keywords = "chemotherapy, ectopic pregnancy, non-gestational, ovarian choriocarcinoma",
author = "Ahmad, {Mohd Faizal} and Abu, {Muhammad Azrai} and {Kah Teik}, Chew and Sheng, {Kun Leng} and Zakaria, {Mohd Asyraf}",
year = "2018",
month = "3",
day = "20",
doi = "10.1515/hmbci-2018-0004",
language = "English",
journal = "Hormone Molecular Biology and Clinical Investigation",
issn = "1868-1883",
publisher = "Walter de Gruyter GmbH",

}

TY - JOUR

T1 - A positive urine pregnancy test (UPT) with adnexal mass; Ectopic pregnancy is not the ultimate diagnosis

AU - Ahmad, Mohd Faizal

AU - Abu, Muhammad Azrai

AU - Kah Teik, Chew

AU - Sheng, Kun Leng

AU - Zakaria, Mohd Asyraf

PY - 2018/3/20

Y1 - 2018/3/20

N2 - A positive urine pregnancy test (UPT) with adnexal mass in ectopic pregnancy is not the ultimate diagnosis. The incidence of ectopic pregnancy is about 27 per 1000 pregnancies [1]. On average, about 6-16% will present to an emergency department with first-trimester bleeding and abdominal pain [2]. On presenting with these symptoms with the simultaneous presence of an adnexal mass and an empty uterus, a UPT is of paramount importance to determine whether the symptoms are pregnancy related or not. When the UPT is positive, an ectopic pregnancy is not the only diagnosis as the rare entity of non-gestational ovarian choriocarcinoma (NGOC) should be considered. Here we present two case reports of NGOC, which were initially diagnosed as ectopic pregnancy. The first case is a 16-year-old girl, with vaginal bleeding and an adnexal mass due to an ovarian choriocarcinoma, She underwent unilateral oophorectomy and received multiple courses of chemotherapy. She is disease free without evidence of recurrence or metastasis after 12 months of follow-up. The second patient is also 16 years old and presented with an acute abdomen. She was diagnosed as a ruptured luteal cyst and underwent partial oophorectomy. When the pathologist diagnosed a choriocarcinoma she received multiple courses of chemotherapy, but thereafter an advanced disease was diagnosed with evidence of distant metastasis.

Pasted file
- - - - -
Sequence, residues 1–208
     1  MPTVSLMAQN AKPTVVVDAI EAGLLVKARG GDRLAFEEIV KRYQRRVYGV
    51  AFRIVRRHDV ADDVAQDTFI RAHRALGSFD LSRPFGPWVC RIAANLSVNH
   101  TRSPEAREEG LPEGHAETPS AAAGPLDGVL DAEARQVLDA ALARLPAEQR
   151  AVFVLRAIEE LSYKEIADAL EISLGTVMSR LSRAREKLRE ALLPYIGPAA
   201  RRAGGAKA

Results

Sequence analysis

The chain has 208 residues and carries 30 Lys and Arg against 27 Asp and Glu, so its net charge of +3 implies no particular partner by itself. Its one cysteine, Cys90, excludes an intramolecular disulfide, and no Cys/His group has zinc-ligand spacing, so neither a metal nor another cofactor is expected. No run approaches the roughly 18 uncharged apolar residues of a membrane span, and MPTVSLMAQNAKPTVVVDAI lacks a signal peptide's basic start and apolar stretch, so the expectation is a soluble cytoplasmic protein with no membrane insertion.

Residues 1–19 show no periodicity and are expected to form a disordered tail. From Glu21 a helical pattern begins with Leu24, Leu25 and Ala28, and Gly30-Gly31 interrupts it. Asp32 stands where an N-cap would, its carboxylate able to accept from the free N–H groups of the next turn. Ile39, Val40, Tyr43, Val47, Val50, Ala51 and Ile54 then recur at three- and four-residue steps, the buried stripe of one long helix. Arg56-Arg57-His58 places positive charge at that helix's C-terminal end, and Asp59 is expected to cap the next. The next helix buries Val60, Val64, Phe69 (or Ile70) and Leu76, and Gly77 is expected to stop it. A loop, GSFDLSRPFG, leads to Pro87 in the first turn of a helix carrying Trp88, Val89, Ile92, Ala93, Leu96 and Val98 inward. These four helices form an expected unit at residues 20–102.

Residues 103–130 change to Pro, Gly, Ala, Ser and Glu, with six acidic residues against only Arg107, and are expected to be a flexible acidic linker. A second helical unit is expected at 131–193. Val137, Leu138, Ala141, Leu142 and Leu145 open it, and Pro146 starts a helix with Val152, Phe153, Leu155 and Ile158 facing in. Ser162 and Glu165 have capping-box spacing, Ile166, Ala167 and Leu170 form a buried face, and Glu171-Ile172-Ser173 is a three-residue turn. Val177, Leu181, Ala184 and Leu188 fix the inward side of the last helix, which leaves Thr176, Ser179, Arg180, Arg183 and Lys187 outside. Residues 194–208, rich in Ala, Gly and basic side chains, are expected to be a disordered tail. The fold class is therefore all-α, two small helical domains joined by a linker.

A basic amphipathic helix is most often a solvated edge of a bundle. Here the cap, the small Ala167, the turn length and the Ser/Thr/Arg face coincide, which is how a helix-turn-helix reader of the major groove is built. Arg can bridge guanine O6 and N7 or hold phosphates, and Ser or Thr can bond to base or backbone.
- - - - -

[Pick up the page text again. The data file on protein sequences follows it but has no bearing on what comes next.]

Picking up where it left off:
AB - A positive urine pregnancy test (UPT) with adnexal mass in ectopic pregnancy is not the ultimate diagnosis. The incidence of ectopic pregnancy is about 27 per 1000 pregnancies [1]. On average, about 6-16% will present to an emergency department with first-trimester bleeding and abdominal pain [2]. On presenting with these symptoms with the simultaneous presence of an adnexal mass and an empty uterus, a UPT is of paramount importance to determine whether the symptoms are pregnancy related or not. When the UPT is positive, an ectopic pregnancy is not the only diagnosis as the rare entity of non-gestational ovarian choriocarcinoma (NGOC) should be considered. Here we present two case reports of NGOC, which were initially diagnosed as ectopic pregnancy. The first case is a 16-year-old girl, with vaginal bleeding and an adnexal mass due to an ovarian choriocarcinoma, She underwent unilateral oophorectomy and received multiple courses of chemotherapy. She is disease free without evidence of recurrence or metastasis after 12 months of follow-up. The second patient is also 16 years old and presented with an acute abdomen. She was diagnosed as a ruptured luteal cyst and underwent partial oophorectomy. When the pathologist diagnosed a choriocarcinoma she received multiple courses of chemotherapy, but thereafter an advanced disease was diagnosed with evidence of distant metastasis.

KW - chemotherapy

KW - ectopic pregnancy

KW - non-gestational

KW - ovarian choriocarcinoma

UR - http://www.scopus.com/inward/record.url?scp=85045637167&partnerID=8YFLogxK

UR - http://www.scopus.com/inward/citedby.url?scp=85045637167&partnerID=8YFLogxK

U2 - 10.1515/hmbci-2018-0004

DO - 10.1515/hmbci-2018-0004

M3 - Article

JO - Hormone Molecular Biology and Clinical Investigation

JF - Hormone Molecular Biology and Clinical Investigation

SN - 1868-1883

M1 - 20180004

ER -